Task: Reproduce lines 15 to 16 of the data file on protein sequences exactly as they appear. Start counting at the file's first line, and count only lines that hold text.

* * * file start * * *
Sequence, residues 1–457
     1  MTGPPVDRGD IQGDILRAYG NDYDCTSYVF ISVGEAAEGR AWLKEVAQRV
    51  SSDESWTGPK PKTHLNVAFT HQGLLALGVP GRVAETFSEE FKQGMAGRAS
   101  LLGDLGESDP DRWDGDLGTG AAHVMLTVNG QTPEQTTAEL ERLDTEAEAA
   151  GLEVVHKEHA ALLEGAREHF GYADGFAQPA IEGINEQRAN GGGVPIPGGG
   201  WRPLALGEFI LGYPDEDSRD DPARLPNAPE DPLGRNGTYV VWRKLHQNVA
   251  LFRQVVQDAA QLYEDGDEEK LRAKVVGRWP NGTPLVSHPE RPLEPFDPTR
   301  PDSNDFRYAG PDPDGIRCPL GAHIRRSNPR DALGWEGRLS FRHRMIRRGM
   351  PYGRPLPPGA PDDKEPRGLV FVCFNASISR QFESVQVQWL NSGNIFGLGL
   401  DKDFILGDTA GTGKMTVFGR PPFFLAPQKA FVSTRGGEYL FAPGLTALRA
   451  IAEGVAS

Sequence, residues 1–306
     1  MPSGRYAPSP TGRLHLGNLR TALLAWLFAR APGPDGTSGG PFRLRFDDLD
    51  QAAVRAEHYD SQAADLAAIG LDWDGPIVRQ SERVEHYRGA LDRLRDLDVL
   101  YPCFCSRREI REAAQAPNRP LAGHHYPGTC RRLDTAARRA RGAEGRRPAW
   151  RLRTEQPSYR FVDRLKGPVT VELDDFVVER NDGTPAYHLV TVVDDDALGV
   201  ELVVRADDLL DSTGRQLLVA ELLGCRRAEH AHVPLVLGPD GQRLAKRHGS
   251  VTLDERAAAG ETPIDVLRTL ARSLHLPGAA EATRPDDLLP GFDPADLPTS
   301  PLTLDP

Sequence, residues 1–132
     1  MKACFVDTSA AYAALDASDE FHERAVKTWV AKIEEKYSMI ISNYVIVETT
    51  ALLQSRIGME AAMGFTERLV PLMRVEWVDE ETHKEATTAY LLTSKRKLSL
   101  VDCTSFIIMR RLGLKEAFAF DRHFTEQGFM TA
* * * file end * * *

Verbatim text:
   101  YPCFCSRREI REAAQAPNRP LAGHHYPGTC RRLDTAARRA RGAEGRRPAW
   151  RLRTEQPSYR FVDRLKGPVT VELDDFVVER NDGTPAYHLV TVVDDDALGV